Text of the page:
Allure of the Fast Mover

Mark McLeanGeneral CommentsLeave a Comment

So while reviewing my day’s trading film with a senior trader and a group of young up-and-coming millionaires, I was caught taking a position in a “fast mover”. I characterize a fast mover as those times when you can buy a small amount of shares (or large, if you possess the dinero y cajones) and possibly catch a point or two because you are simply involved in the momentum of a sector that is overly strong for the day (i.e. coal, agriculture, etc. in this market). Now don’t be mistaken. I traded MOS everyday until I realized that my swings weren’t worth my profit for that time in my trading career. I decided to leave the beast alone and find the easier, tamer money; that is, the more easily attainable (and easier to retain) versus the quick-come-quick-go mentality that MOS (and its friends such as MON, POT, etc.) provide.

Anyway, I am sure we all can attest to the “allure of the fast mover”. That which may make your P&L that much more delectable in less than a minute as you laugh to the bank thinking of how someone, somewhere, didn’t even notice your little piggyback move on which just made you a point and a half. I relate it to walking through the casino and seeing that table with an open spot where the guys there are laughing and high-fiving and the dealer is on the verge of getting pulled (like it’s his fault). Or, maybe that cute girl that is throwing shots down a little too quickly with a cunning smile on her face as she slyly looks your way…ummm…pause, I don’t know where I was going with that…

Back to the issue at hand. So as I tried to quickly skip over this part of the film, someone noticed I was in the position (that textbook new kid with eyes like an eagle hatchling) and asked “Hey, why are you long when that stock is clearly below the whole?”. I wanted to say because maybe the eye doctor was clearly looking at your mother’s attributes instead of the numbers/letters you were reading from the top line of the board on the door in his office when you were a child; hence, why your eyes are off, wiseass. But  if he instead ran the tape back he would see the potential 80-cents rip I would have taken if the stock did not come back at that time. Of course, when I entered the position I was potentially five cents out the money, but within…ehhh…30 seconds dealing with the stress and related rising heart rate of losing a good deal of money because I was in fact, considering the existing bid, now at least 80 cents out of the money.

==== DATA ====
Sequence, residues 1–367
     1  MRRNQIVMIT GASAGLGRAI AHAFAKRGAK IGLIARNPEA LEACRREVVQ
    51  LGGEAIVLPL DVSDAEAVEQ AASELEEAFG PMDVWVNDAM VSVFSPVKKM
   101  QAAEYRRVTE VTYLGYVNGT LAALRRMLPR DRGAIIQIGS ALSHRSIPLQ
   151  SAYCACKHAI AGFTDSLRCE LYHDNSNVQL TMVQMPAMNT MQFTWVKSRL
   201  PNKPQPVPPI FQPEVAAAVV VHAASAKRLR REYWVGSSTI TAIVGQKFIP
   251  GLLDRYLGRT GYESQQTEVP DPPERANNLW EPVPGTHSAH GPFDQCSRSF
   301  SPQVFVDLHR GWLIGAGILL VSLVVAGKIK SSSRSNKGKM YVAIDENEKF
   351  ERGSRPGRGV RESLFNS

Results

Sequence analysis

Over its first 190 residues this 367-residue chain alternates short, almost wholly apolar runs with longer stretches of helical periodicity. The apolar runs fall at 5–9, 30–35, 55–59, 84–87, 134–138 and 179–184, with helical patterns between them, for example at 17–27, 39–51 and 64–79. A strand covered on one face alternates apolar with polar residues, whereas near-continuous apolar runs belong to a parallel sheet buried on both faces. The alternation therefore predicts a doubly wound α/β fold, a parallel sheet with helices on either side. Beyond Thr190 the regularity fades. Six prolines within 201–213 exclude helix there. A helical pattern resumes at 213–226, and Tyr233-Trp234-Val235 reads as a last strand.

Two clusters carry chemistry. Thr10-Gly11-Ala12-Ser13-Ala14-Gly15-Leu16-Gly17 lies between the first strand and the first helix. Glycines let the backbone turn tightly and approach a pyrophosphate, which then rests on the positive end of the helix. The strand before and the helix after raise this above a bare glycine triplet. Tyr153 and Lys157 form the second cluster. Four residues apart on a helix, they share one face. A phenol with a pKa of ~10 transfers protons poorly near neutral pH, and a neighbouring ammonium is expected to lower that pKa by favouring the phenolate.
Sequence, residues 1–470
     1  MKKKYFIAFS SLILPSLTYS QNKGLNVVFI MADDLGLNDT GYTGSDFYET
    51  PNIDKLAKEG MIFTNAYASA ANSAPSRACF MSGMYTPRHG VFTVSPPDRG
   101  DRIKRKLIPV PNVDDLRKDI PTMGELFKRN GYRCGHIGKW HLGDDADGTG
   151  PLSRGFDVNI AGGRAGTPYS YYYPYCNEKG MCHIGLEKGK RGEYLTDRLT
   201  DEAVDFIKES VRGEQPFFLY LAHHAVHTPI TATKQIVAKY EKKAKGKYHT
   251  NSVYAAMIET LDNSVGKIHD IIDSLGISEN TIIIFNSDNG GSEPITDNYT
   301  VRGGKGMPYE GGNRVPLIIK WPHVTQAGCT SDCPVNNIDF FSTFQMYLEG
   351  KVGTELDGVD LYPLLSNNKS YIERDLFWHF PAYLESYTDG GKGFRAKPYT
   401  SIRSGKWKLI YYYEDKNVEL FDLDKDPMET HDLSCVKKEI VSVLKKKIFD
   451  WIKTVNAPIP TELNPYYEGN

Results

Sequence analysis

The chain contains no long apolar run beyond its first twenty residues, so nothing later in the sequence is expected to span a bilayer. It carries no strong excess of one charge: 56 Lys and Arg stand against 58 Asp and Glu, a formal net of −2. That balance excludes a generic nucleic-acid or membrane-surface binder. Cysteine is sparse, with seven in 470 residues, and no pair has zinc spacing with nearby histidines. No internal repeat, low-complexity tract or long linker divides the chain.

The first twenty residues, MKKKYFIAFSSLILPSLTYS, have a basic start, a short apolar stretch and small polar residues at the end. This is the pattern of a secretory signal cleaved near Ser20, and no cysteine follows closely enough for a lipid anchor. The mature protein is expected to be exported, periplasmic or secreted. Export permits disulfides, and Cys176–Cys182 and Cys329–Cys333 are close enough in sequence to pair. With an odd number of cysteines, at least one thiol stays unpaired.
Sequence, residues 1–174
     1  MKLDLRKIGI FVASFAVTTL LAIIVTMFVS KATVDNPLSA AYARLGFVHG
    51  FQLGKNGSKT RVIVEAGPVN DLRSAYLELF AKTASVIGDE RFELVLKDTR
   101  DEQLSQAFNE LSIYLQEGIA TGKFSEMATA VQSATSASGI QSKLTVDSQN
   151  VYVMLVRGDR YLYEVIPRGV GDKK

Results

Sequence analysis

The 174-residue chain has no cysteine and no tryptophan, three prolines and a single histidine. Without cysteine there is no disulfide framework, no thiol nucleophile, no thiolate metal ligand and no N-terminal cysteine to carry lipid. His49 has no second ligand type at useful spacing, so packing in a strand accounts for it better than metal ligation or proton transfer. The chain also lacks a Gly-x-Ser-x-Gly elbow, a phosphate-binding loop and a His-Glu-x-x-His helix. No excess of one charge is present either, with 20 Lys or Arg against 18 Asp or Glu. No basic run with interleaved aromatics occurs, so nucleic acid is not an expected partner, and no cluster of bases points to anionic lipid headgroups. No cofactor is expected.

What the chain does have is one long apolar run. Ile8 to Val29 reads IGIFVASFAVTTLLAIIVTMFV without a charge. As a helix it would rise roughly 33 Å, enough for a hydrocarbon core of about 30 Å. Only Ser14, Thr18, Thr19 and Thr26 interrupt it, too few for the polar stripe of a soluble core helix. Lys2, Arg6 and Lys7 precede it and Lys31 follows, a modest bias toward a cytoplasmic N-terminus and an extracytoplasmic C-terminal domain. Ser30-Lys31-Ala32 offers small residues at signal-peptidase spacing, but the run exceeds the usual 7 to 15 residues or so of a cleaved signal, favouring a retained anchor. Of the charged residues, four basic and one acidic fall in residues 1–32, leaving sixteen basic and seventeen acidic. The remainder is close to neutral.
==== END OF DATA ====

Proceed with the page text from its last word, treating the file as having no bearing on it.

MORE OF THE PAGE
I recite this lil’ anecdote (which is completely true, mind you) to disparage anyone reading this bit to stand strong against the “allure of the fast mover”. Yes, as you watch that particular stock run 60 and 80 cents at a time and take whole numbers like Bush and Florida elections, understand that executing a trade in such a stock takes so much more preparation, understanding, tolerance, set up, patience, and unflawed execution than in something else more sane and humane. I think this is best explained by what the senior trader said to me after the young bulls had left the room. He said, “There is no doubt that stock will get to your exit price, potentially two points above your buy price. But what you will go through to reach that price is a whole different beast in itself. And if it is worth it, this video definitely did not depict so”.

“The allure of the fast mover”. Be strong ya’ll…..

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